Religious Trauma: Fundamentalism in Religion and Its Effects on the Body
An Orthodox Christian speaks with a trauma therapist
The term religious trauma is often held in contempt by religious leaders; it is brushed aside or explained away as exaggeration or individual oversensitivity. Although it is true that trauma is a word that has been subject to concept creep in the last decade (see Concept Creep and Psychiatrization; The Coddling of the American Mind), Orthodox Christians would do well to acknowledge that religious trauma exists – within world religions, Christian denominations, and even within Orthodoxy itself – and can result in devastating, longterm effects.
Religious trauma most often results when a religious authority leverages positive or negative reinforcement to suppress their follower's freedom. As Orthodox Christians, we hold in tension the teachings of human freedom and spiritual obedience. However, when an authority figure moves from respecting an individual’s freedom to compelling them to act in a certain way, he moves from Orthodox obedience to spiritual abuse. Although not every case of spiritual abuse results in complex trauma, as individuals respond differently in situations of authoritarian demand, it should be noted that any constraint of another’s freedom is categorically against the Orthodox faith.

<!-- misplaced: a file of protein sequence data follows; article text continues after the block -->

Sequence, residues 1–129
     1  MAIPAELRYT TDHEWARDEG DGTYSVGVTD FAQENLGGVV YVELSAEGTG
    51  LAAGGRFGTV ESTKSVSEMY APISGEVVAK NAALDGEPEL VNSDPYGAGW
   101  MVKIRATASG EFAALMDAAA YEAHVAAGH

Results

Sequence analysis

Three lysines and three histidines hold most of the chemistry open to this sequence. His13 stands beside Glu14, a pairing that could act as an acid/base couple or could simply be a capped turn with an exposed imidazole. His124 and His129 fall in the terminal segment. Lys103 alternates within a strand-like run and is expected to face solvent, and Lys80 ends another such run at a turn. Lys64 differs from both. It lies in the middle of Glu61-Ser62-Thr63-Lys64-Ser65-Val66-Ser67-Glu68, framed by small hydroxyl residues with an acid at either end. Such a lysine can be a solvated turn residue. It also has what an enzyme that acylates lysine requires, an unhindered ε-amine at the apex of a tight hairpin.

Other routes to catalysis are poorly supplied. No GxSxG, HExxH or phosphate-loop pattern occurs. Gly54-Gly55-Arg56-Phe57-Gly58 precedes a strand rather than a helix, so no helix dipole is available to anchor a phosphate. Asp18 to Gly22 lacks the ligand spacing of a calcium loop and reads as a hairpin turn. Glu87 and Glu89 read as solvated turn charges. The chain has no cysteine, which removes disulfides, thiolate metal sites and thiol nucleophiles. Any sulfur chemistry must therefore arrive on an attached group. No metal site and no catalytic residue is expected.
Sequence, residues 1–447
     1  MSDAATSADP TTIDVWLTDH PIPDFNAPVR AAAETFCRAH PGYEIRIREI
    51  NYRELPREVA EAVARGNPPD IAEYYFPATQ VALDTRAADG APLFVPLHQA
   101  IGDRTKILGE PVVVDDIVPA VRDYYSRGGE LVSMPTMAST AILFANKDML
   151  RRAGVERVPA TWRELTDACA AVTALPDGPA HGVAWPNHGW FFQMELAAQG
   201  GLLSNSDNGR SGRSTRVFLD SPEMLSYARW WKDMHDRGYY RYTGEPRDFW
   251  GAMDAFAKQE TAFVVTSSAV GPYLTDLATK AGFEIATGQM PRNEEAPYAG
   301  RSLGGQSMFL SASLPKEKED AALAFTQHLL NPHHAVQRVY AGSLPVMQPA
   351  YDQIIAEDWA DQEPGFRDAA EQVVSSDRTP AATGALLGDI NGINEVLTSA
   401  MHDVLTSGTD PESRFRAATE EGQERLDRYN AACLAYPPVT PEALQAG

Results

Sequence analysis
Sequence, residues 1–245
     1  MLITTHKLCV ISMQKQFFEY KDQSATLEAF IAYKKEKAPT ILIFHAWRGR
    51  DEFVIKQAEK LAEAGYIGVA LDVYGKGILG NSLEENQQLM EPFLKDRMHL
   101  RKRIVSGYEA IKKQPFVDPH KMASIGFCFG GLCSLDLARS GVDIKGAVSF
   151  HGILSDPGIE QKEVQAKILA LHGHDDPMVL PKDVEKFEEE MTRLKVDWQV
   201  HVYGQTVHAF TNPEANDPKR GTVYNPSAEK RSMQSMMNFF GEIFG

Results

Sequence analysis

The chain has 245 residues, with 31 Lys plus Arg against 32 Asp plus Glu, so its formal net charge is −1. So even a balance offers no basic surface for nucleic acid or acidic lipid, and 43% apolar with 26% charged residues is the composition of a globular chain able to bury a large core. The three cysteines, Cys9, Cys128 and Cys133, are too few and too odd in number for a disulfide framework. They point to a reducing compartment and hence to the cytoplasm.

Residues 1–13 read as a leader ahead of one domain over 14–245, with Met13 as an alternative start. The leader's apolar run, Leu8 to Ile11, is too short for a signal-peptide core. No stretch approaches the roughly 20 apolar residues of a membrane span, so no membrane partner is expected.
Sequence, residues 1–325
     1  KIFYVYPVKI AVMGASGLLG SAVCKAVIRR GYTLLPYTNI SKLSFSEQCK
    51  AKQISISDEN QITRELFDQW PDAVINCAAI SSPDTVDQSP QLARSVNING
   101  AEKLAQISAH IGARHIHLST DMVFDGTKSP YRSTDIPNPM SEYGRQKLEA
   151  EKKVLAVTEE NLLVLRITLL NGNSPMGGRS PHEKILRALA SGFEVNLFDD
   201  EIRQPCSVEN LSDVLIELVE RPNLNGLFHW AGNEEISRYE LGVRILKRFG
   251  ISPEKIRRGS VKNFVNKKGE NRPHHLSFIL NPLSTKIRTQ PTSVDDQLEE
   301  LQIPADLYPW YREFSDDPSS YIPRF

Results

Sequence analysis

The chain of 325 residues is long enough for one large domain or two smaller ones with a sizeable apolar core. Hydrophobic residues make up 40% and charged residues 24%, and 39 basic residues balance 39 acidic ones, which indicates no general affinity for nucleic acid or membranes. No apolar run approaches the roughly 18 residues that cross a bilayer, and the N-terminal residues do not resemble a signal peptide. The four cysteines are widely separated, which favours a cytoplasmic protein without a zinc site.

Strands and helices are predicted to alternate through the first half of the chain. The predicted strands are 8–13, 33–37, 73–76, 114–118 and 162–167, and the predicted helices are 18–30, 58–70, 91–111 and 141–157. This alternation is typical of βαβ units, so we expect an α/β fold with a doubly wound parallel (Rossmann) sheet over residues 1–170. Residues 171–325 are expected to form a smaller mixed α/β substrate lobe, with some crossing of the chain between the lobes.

“Trauma is not the thing that happens to you but how your nervous system responds to what happens.” –Dr. Laura E. Anderson
I will define fundamentalism as a tendency toward rigid thinking that makes oversimplifications and overgeneralization thereby reducing complex issues to a binary framework in order to avoid the discomfort of cognitive dissonance.
In recent years a kind of fundamentalism has crept into the Orthodox Faith. This fundamentalism not only seeks to constrain the human freedom but also God himself by tacitly invoking euthyphro’s dilemma. While some issues are open-and-shut (like God’s command, "do not murder") others are not as simple (such as what to do in dangerous cases of ectopic pregnancies). Where fundamentalism fails is in this tension – a tension that requires a faithful shrug to bear the cognitive dissonance. And it is acting on, and counseling through, this tension that constitutes compassionate pastoral care.
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Recently, I conducted an interview with Dr. Laura E. Anderson – a religious trauma therapist whose work focuses on how the body responds to real or perceived threat within the context of high control religion. You can listen to that podcast on Spotify here, on Apple Podcasts here, or watch the YouTube video here.
Postscript: although the Dr. Laura and I do not agree on everything – much like I do not agree with a number of my guests on everything – I do believe that the overall message is important. Please listen with openness.